The first major chess tournament of the new year kicks off this coming Saturday with the 79th Tata Steel Tournament in the fabled Dutch chess town of Wijk aan Zee, with an all-star field in the top-rated ‘Masters’ event capped by world No.1 Magnus Carlsen of Norway, American Grand Chess Tour winner Wesley So, defeated Russian world title challenger Sergey Karjakin, Armenia’s Levon Aronian, and Dutch star Anish Giri.
And speaking of fabled chess towns, the English coastal city of Hastings is best known - aside from the little historical matter of the 1066 thing - for its famous year-ending tournament tradition. The first great Hastings tournament was, of course, in 1895 - won by American upstart Harry Nelson Pillsbury ahead of a stellar field - but that was held in the summer and the New Year tournament tradition only date from 1920-1.
They have run continuously, apart from during the Second World War, and 2016-17 was the 92nd edition. It’s been a good while now since the glory days when the world’s best players came to Hastings for an all-play-all tournament; and indeed, eleven world champions have competed there, a record equaled only by Wijk aan Zee.
But despite being ‘downgraded’ due to a lack of sponsorship and squeezed in-between the London Chess Classic and Wijk aan Zee, the great Hastings tradition continues, thanks to new backing from Tradewise Insurance, and the 92nd edition was won by Indian GM Deep Sengupta who took clear first on 7/9 half a point clear of five players tied on 6.5.
And of those tied for second spot, by far the greatest interest was that of the progress of 11-year-old IM Ramesh Praggnanandhaa also of India, who has 14 months and counting to break Sergey Karjakin’s long-standing record of being the world’s youngest grandmasters.
The young Indian prodigy turned in his best performance to date, though he did ride his luck somewhat with his final round win over the experienced Danish Grandmaster Allan Stig Rasmussen.
IM Ramesh Praggnanandhaa - GM Allan Rasmussen
92nd Hastings Masters, (9)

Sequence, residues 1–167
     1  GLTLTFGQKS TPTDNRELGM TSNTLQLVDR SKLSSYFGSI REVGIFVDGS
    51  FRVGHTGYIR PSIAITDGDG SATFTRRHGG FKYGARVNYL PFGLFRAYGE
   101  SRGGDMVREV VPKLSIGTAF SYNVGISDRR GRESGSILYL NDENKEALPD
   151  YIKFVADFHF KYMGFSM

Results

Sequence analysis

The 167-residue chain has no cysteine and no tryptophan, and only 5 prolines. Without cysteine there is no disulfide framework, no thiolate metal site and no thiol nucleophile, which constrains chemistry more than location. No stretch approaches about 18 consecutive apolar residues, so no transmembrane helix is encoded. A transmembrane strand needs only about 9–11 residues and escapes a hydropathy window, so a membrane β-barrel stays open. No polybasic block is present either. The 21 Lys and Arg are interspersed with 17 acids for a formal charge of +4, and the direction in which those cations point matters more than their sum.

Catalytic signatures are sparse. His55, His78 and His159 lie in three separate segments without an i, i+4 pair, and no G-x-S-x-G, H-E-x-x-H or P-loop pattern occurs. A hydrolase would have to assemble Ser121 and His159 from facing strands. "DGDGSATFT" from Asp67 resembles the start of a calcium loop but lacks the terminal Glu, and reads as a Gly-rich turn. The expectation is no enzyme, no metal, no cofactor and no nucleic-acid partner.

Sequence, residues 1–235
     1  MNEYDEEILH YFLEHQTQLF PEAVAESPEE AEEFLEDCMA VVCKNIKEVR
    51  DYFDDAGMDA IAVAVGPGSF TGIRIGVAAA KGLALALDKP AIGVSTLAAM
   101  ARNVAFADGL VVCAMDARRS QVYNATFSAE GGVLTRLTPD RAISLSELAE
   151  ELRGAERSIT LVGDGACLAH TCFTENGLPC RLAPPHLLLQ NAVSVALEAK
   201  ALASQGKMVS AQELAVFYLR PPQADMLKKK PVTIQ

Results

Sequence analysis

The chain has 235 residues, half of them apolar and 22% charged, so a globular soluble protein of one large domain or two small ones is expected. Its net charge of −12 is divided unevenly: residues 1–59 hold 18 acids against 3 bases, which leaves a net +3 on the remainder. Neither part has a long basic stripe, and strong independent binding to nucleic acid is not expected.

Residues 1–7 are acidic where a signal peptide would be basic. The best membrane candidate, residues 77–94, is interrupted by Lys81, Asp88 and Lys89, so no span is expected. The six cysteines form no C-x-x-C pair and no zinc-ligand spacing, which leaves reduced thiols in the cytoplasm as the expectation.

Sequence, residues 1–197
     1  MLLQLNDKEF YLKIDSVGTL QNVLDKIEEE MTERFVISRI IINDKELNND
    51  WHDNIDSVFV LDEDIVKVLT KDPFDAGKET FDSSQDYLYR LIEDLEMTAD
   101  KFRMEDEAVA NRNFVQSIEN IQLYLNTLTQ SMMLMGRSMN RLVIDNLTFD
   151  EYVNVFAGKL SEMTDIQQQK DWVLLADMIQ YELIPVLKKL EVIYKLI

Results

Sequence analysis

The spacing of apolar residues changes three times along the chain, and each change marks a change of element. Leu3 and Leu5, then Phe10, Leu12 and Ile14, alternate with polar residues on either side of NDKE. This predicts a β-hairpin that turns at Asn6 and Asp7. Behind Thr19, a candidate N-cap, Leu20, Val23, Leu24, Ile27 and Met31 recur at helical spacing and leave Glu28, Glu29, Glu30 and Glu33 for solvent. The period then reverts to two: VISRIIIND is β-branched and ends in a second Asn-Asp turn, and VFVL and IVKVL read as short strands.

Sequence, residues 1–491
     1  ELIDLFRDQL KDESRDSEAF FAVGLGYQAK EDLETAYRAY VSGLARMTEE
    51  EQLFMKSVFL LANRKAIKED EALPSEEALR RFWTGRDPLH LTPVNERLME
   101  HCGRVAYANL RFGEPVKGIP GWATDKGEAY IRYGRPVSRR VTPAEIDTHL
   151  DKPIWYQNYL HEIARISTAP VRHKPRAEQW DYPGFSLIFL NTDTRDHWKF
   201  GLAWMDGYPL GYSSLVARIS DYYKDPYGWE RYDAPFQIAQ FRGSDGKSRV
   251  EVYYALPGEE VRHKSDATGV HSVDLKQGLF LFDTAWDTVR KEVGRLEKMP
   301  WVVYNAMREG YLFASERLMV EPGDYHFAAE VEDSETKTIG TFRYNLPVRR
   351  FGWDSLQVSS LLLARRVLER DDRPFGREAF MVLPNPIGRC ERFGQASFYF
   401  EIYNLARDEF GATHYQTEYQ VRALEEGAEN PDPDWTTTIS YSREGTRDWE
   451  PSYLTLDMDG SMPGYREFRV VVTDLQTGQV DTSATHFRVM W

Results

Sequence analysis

1.Nf3 d5 2.g3 Nf6 3.Bg2 Bf5 4.0-0 e6 5.d3 h6 6.Nbd2 Be7 7.b3 0-0 8.Bb2 The Réti Opening, named after one of the original pioneers of the hypermodern game, Austro-Hungarian Richard Réti (1889-1929), sees White playing on the flanks to undermine Black's center. 8...a5 9.a3 c5 10.a4 Understandably, White wants to prevent Black from playing ...b5 to establish a big pawn phalanx on the queenside. But perhaps a better way was with 10.Ne5 with the idea of playing for c4 to undermine Black's pawn center. 10...Nc6 11.Re1 Bh7 Prophylaxis, as e4 is coming anyway from White - so better now rather than later. 12.e4 Re8 13.Qe2 Nb4! Already showing up the problems with playing 10.a4, as now the knight has an excellent outpost on b4, and at the same time, it forces White to defend c2 in a somewhat awkward way with his rook. 14.Rac1 Nd7 15.h4 Qb8 Black by far has the easier position to play, the simple plan being ...b5 and trying to break-up White's queenside. 16.Nh2 Apart from opening up threats with the bishop on g2, White is also looking to play Ng5 (or Qg4) and a possible kingside attack in conjunction with the bishop on the a1-h8 diagonal. 16...d4! Black immediately snuffs out the influence of White's bishop on the a1-h8 diagonal - and now, he's clear to continue with his plan of breaking down White's queenside. 17.e5 Ra6 18.Nc4 b5 19.axb5 Qxb5 20.Ra1 a4 21.bxa4 Rxa4 22.Nf1 White is in deep trouble, and he can't exchange rooks, as after 22.Rxa4 Qxa4 23.Rc1 Rb8 24.Ba1 Nb6 and already Black has a near winning advantage. 22...Nb6 23.Na3 Qd7 24.Reb1 c4! The right break, as it suddenly brings the ...Bh7 back into the game, leaving Black totally in command now. 25.Nxc4 Nxc4 26.dxc4 Rxa1?! Far too cautious. The simple and effective 26...Nxc2! 27.Rxa4 d3! 28.Qf3 Qxa4 left White in dire straits with no play and close to resignation here. 27.Bxa1 Nxc2 28.Rb7 Qc8 Now, if 28...Qa4 29.Bb2 d3 30.Qf3 and White's menacing queen and rook keeps him in the game. 29.Bb2 d3 30.Qf3 Kf8!? It looks awkward, but there's a serious point behind this move, as Black wants to play ...Qxc4 without having to worry about back-rank mating threats after Rxe7! 31.Qf4 Bring the Bg2 into the game and also keeping tabs on the d2 square. 31...Bf5?! The game starts to dramatically flip here, and the big clue could well be that we're at move 31, and Black's in time-trouble and facing a mad-dash to reach move 40. If he had time on his hand, he will have seen no doubt that the answer to all his problems was 31...Rd8! and the omnipresent threat to push the dangerous d-pawn. 32.g4 g5 33.hxg5 Bxg5 34.Qh2! Probably missed by Black in the mad-dash to make the time control, but a retreating move (especially with a queen) is one of the most difficult moves to foresee in chess - and here, this retreat suddenly makes life difficult, as White can play f4 and follow-up with Qxh6+. 34...Bxg4 35.f4 Qc5+ 36.Kh1 Qf2 It's all gotten very random, very quickly - but the bottom-line is that White has an extra piece and Black has now real threats, just cheap tricks. 37.fxg5 Ne1 It's a hopeless cause, but 37...h5 and hoping for a ‘hail-mary pass' with the d-pawn might have proved better. 38.Ba3+ Kg8 The unexpected rook retreat covers everything wonderfully and leaves White with an extra piece. 39.Rb2! Be2 40.gxh6 Nc2 41.h7+ Kg7 42.Be7! Bf3 If 42...Rxe7?? 43.h8Q+ soon mates. 43.Bf6+ Kg6 44.Bxf3 1-0 Black resigns, as now if 44...Qxf3+ (or 44...Qxf1+) White can play 45.Qg2+ (or 45.Qg1+) exchanging queens and an easy win.